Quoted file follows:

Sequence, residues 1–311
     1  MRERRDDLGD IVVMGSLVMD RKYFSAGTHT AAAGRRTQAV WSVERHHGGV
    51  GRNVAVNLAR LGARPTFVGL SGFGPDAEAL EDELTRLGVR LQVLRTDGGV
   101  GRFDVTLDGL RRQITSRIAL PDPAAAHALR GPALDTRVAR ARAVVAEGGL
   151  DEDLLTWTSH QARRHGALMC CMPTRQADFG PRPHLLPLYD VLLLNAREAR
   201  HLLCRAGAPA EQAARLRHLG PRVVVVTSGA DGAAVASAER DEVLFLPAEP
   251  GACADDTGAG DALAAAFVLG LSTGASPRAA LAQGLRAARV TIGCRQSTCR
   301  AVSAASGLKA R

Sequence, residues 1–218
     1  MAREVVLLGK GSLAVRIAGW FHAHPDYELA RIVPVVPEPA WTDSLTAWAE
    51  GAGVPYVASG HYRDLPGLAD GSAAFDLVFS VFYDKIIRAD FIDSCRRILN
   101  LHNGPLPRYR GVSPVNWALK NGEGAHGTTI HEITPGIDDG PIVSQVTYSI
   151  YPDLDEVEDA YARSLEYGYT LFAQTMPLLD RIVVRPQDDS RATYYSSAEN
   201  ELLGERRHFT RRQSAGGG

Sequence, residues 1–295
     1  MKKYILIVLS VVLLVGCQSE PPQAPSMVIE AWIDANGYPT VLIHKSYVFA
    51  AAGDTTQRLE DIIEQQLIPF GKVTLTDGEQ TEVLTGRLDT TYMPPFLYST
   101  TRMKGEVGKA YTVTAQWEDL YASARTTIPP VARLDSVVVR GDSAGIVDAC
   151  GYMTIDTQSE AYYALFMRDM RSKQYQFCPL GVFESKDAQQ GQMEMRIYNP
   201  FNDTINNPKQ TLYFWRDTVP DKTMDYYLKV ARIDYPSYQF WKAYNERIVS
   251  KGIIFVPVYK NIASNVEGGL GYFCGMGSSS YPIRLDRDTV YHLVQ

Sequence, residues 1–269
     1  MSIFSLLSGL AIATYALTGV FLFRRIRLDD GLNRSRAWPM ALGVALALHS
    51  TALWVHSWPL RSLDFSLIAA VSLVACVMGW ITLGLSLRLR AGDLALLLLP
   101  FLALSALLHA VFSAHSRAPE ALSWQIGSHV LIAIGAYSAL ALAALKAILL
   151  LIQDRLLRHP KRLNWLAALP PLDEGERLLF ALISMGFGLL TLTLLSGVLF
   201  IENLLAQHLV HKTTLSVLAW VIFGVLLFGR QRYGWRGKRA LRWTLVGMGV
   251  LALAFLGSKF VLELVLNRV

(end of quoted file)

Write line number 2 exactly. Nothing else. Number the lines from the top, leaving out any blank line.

     1  MRERRDDLGD IVVMGSLVMD RKYFSAGTHT AAAGRRTQAV WSVERHHGGV